Bush No Longer Enjoys Diplomatic Immunity
That is a fact. Now, you may ask "why is this important?"
Leading up to a 2004 visit to Vancouver, Canada, lawyers there sought to have him charged for his criminal behavior resulting in a court decision that reflected the Canadian Attorney General's view that Bush could not be brought up on torture charges at that time because he had diplomatic immunity:
“These charges were properly laid and backed up by powerful evidence. The government didn’t deny that evidence because it couldn’t deny it. Diplomatic immunity is purely procedural. It doesn’t affect the validity of the charges, only whether they can be proceeded with, for the time being, in a foreign court, in this case a Canadian court. Even if Bush has immunity, it’s only temporary and it won’t shield him or anyone in his administration from Canadian law, or any other law, when they leave office. That the Canadian government would try to hush this up by hiding Bush behind diplomatic immunity was only to be expected. Paul Martin invited Bush here to ingratiate himself with the President, despite the President’s crimes against our laws and against international law, despite even his inadmissibility as a war criminal under Canada’s immigration laws – above all, despite the unending human disaster the President’s ‘war of choice’ has brought to the people of Iraq.”
Cut back to 2009, as Bush makes plans to deliver a speech in Calgary, Canada, and this time?
Via the Calgary Herald:
The group has asked the RCMP to bar Bush from entering Canada, citing torture and war crimes committed in Iraq, Afghanistan and Guantanamo Bay.
In a letter to the RCMP war crimes section, and copied to Prime Minister Stephen Harper, Liberal Leader Michael Ignatieff and other federal ministers and opposition MPs, the Lawyers Against the War group claims that Bush is "inadmissible to Canada ...because of overwhelming evidence that he has committed, outside Canada, torture and other offences."
Bush is scheduled to speak in Calgary March 17, but Vancouver lawyer Gail Davidson says that because Bush has been “credibly accused” of supporting torture in Iraq and Guantanamo Bay, Cuba, Canada has a legal obligation to deny him entry under Canada’s Immigration and Refugee Protection Act. The law says foreign nationals who have committed war crimes or crimes against humanity, including torture, are “inadmissible” to Canada. ”The test isn’t whether the person’s been convicted, but whether there’s reasonable grounds to think that they have been involved,” says Davidson, who’s with Lawyers Against the War (LAW). “...It’s now a matter of public record that Bush was in charge of setting up a regime of torture that spanned several parts of the globe and resulted in horrendous injuries and even death. Canada has a duty.”
Canadian Prime Minister Stephen Harper and the Canadian Border Services Agency aren't talking, as of yet, as to what they will do, if anything, should Bush bother to make it to the Canadian border. This news comes on the heels of the UN announcing that they are going to pursue an investigation of torture and rendition policies:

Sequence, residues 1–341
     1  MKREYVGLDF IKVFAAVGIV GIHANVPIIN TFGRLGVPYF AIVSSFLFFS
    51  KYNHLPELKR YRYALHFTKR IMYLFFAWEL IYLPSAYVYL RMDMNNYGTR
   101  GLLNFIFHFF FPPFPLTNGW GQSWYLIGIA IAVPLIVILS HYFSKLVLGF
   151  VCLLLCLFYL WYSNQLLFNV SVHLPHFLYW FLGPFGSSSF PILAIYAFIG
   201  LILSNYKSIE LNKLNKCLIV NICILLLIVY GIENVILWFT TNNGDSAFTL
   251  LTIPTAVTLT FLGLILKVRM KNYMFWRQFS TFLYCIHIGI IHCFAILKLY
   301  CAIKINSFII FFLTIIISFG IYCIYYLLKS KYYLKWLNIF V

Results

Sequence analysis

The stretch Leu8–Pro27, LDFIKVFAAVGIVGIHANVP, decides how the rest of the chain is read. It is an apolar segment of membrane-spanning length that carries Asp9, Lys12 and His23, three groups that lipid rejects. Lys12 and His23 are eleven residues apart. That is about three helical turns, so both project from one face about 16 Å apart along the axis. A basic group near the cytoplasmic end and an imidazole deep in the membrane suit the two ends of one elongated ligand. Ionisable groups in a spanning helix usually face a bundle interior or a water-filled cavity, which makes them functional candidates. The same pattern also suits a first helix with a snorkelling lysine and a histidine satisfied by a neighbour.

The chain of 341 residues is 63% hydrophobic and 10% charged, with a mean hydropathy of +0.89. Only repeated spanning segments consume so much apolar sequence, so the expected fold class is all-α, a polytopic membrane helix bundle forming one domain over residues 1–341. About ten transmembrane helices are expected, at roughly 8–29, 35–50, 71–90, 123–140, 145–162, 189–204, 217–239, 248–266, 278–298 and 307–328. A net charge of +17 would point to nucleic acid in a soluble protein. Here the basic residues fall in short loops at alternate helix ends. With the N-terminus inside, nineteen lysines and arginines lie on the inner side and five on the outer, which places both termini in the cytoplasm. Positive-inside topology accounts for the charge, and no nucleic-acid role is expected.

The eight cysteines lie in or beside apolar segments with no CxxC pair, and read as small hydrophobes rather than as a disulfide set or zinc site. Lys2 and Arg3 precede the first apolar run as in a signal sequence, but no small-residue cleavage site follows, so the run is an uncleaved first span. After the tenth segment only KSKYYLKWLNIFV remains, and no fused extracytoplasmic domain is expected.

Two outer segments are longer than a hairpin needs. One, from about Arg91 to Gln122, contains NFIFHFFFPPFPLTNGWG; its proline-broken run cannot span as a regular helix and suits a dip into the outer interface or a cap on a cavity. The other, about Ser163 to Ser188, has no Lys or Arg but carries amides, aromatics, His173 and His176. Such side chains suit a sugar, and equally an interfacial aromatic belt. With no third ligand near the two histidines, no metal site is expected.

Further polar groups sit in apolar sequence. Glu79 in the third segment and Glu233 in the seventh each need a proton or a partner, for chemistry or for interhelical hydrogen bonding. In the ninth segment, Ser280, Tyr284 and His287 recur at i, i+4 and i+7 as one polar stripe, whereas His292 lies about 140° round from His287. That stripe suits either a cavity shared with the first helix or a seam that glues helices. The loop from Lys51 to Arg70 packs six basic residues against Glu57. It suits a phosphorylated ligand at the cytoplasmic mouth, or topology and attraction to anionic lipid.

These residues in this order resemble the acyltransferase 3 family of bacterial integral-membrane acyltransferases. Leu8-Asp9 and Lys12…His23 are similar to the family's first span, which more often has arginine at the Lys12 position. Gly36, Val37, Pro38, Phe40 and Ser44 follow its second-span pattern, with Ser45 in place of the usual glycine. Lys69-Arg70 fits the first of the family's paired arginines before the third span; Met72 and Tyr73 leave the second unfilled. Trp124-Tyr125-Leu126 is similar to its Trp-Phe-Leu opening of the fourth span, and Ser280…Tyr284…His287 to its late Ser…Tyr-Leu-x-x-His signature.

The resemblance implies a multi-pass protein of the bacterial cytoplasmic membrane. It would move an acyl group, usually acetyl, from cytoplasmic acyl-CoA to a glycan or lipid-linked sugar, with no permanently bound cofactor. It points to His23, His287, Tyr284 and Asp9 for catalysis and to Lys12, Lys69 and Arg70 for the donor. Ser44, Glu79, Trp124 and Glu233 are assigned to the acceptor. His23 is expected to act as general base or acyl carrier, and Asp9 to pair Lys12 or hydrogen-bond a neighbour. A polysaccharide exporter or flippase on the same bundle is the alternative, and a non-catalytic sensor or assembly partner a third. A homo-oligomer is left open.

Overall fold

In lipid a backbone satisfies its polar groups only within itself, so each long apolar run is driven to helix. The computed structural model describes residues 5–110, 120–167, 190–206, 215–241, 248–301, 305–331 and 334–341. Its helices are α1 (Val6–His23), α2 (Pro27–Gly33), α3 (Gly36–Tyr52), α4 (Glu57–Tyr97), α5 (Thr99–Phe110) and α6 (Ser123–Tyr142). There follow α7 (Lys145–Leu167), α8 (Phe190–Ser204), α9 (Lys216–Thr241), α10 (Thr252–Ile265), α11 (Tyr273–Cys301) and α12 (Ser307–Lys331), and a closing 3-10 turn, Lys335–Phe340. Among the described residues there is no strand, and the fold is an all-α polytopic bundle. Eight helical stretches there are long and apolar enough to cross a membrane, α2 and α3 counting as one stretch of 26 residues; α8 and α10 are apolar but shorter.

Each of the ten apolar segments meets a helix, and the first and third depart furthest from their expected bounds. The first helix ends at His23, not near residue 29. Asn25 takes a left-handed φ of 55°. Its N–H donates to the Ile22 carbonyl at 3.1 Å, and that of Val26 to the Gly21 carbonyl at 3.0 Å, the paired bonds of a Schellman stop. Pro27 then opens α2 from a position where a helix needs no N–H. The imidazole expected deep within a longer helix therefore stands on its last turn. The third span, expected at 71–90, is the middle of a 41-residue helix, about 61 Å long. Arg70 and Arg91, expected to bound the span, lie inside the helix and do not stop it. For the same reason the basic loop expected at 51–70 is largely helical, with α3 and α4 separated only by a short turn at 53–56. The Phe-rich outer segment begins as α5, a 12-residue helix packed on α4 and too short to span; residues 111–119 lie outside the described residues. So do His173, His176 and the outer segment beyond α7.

Hasn't happened here in the USA because our politicians are too afraid of what they would find out about themselves.
We all know pretty much everything on the torture story and there is too much evidence to ignore, yet there are still no real investigations, prosecutors and all, in the USA that we know of.
If you hear anything about Bush's visit to Canada being abruptly canceled...
Then you might already know the reason why.
In and out of classrooms, sleeping in shelters, shielded by parents, homeless children can seem invisible to society at large.
A national study released Monday finds that one in 50 children in America is homeless. They're sharing housing because of economic hardship, living in motels, cars, abandoned buildings, parks, camping grounds or shelters, or waiting for foster care placement.
More on homeless students:
School Districts across U.S. struggling to pay for needs of uprooted kids
Many of us in the Blogosphere knew that it was on the verge of becoming epidemic as a series of diaries written by teachers started appearing at many Blogs concerning these kind of issues as as far back as December:
For my 8th graders, some of my kids didn't get an 80% (mastery) on the Forms of Government test. As per my usual routine, I gave up my lunch and offered a LUNCH BUNCH study time and test re-take opportunity. One student arrived early sans lunch. I was busy gathering up lab equipment off tables from my 7th grade science class, so I wasn't looking at my early student as I said, "Hey, go on and get your lunch. You can eat while we do our Rapid Study Technique before the re-take."
I could feel the silence and non-movement of my student. So, I turned and looked. There were tears on the table beneath his bowed head. I pulled up a chair and asked, "Family or friends." Silence. That meant it was a family issue. Probing gently, I got, "Mrs K., both my Mom and Dad got laid off and our house ... our house. I was too worried to ask for a check for lunch money, and I'm too embarrassed to ask for the P&J lunch." When he said "our house," it came out like a moan.
For a while... Our kids were living this nightmare. It is breaking my heart to know that some kids may not be as lucky as ours were and could end up in shelters, moving in with relatives or, even worse, living in Bushvilles - the tent cities that have popped up across the nation as more and more Americans become homeless.
Modern Day Hoovervilles
A Bushville in Sacremento, California
Justin Sullivan - Getty Images